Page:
New Zealand PM Ardern’s approval rating rises to highest since taking office

New Zealand's Prime Minister Jacinda Ardern speaks to the media during a press conference at the Justice Precinct in Christchurch on March 28, 2019. (AFP)
Updated 16 April 2019
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New Zealand PM Ardern’s approval rating rises to highest since taking office

  • Ardern burst into prominence after her coalition ended 10 years of National Party’s center right rule, promising more money for social services and by vowing to tighten foreign investment rules

WELLINGTON: New Zealand Prime Minister Jacinda Ardern, who was praised at home and abroad for her handling of the Christchurch mosques shooting last month, received her highest approval rating since taking office in a widely watched poll on Monday.
The 1 NEWS Colmar Brunton political survey showed 51 percent of respondents said Ardern was their preferred prime minister, climbing seven percentage points from the last poll in February.
Its the first political survey since a lone gunman killed 50 Muslim worshippers at two mosques in Christchurch on March 15.
Ratings for Ardern’s rival, opposition National Party leader Simon Bridges, dropped one percentage point to five percent.
Party vote results also showed Ardern’s Labour Party rising three percentage points to 48 percent while the National’s rating dropping to its lowest since September 2017, at 40 percent.
“All I know is that I’m doing my job to the best of my ability,” Ardern told 1News when asked about the poll result.
Since coming to power in 2017, Ardern’s coalition government has faced several challenges including weak business confidence, emboldened unions and a slowing economy. Her youth and global celebrity has also given critics doubt.
But the 38-year-old leader struck all the right notes in the hours after the Christchurch attack.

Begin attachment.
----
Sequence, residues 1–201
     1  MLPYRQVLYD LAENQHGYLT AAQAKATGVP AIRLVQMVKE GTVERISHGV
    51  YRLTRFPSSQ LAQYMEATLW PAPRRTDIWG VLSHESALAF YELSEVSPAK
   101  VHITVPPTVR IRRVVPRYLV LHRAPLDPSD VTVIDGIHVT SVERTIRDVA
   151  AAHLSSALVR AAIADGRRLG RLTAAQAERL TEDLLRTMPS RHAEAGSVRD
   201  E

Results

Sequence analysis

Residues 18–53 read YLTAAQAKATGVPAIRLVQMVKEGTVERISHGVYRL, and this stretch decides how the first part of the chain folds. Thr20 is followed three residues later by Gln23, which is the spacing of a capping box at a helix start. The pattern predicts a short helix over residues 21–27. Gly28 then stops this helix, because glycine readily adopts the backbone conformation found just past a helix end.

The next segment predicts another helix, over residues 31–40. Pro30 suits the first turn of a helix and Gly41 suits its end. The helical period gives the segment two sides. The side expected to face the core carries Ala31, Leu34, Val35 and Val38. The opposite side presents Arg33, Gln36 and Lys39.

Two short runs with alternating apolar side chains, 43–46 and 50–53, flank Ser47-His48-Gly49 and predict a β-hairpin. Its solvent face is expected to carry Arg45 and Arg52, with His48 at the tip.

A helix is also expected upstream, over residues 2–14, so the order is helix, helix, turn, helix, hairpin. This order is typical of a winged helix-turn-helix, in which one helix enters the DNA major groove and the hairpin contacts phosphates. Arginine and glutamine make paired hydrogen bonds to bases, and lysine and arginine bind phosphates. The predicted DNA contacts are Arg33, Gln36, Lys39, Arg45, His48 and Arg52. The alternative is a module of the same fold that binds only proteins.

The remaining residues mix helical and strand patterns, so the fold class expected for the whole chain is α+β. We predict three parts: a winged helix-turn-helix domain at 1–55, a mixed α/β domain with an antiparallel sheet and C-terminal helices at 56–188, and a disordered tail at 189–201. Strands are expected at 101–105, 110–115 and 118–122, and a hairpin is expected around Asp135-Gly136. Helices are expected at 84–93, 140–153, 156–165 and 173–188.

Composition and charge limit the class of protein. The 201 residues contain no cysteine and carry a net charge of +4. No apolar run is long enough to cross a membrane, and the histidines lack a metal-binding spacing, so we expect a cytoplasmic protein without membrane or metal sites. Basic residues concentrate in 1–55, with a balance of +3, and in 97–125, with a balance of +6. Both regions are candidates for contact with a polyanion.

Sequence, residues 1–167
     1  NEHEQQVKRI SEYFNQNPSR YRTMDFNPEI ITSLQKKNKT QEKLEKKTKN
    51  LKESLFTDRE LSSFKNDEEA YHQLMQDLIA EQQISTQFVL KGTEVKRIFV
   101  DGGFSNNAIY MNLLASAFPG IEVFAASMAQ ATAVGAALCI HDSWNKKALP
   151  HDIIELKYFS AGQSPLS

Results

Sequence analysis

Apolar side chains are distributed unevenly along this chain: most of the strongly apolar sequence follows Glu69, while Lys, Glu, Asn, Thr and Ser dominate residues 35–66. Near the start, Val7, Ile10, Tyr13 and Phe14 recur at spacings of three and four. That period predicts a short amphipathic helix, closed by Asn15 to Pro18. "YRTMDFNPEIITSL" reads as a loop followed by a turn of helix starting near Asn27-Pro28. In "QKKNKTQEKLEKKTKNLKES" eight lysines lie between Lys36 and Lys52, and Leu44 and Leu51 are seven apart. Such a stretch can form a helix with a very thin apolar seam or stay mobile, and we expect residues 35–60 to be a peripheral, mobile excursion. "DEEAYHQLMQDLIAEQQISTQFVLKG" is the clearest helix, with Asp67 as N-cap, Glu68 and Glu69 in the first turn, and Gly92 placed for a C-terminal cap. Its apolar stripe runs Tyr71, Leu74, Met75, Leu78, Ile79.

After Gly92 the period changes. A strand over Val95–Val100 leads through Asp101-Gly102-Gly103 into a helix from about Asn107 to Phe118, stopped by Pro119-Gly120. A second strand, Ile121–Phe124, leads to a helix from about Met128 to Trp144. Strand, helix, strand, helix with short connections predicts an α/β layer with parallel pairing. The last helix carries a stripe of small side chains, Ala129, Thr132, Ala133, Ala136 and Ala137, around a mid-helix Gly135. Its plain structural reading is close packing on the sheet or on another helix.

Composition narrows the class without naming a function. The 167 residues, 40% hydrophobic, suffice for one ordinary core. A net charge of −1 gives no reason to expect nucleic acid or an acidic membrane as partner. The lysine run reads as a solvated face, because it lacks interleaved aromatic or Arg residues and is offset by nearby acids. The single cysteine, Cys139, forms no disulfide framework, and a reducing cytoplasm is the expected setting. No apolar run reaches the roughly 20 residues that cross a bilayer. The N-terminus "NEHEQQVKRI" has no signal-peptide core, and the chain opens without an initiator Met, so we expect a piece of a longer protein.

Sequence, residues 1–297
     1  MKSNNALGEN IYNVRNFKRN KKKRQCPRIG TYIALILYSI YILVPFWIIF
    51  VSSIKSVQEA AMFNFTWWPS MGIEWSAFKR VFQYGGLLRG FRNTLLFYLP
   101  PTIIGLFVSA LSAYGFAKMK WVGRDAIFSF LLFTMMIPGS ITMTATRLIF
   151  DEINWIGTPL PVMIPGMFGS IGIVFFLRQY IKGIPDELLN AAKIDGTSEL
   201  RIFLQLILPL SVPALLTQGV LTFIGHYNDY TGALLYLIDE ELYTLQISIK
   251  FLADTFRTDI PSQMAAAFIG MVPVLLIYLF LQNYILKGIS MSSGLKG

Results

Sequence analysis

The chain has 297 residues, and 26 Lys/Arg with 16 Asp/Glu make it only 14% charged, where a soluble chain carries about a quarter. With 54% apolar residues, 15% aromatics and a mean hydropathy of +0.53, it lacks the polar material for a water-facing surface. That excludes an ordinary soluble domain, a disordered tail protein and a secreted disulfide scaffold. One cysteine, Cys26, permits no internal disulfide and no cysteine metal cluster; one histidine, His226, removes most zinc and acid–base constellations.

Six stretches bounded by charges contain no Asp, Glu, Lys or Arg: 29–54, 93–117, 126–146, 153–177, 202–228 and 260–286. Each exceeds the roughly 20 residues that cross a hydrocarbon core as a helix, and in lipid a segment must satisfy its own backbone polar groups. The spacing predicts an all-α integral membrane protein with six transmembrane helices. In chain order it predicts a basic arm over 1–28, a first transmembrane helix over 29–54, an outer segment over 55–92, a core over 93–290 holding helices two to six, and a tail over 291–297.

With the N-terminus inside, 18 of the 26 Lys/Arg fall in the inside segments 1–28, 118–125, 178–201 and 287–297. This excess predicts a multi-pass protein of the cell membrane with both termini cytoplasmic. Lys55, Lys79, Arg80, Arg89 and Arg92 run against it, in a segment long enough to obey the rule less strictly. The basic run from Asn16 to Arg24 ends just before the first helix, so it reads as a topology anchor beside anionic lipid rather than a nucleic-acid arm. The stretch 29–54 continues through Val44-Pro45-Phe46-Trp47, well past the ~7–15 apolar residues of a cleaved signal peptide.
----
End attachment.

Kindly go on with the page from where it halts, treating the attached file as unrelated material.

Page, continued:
Ardern promptly labelled the mass killing as terrorism, and set about reassuring a nation that has been largely unscathed by the violence and fears that have afflicted other countries in the past two decades.
Picture of Ardern’s wearing a head scarf and comforting families affected by the massacre went viral on the social media, and garnered praises from Muslims around the world, as well as leaders of other nations.
She also successfully passed a contentious gun law within a month of the shooting, which banned semi-autmatic weapons.
Ardern burst into prominence after her coalition ended 10 years of National Party’s center right rule, promising more money for social services and by vowing to tighten foreign investment rules.
She rocketed to global celebrity as an inspiration for women after the unexpected election win, and she became only the second leader to give birth while in office since Pakistan’s Benazir Bhutto.
The poll was taken from April 6 to April 10, and has a margin of error of 3.1 percent, the polling agency said.


French police hunt suspect after Lyon bomb ‘attack’

Updated 22 min 49 sec ago
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French police hunt suspect after Lyon bomb ‘attack’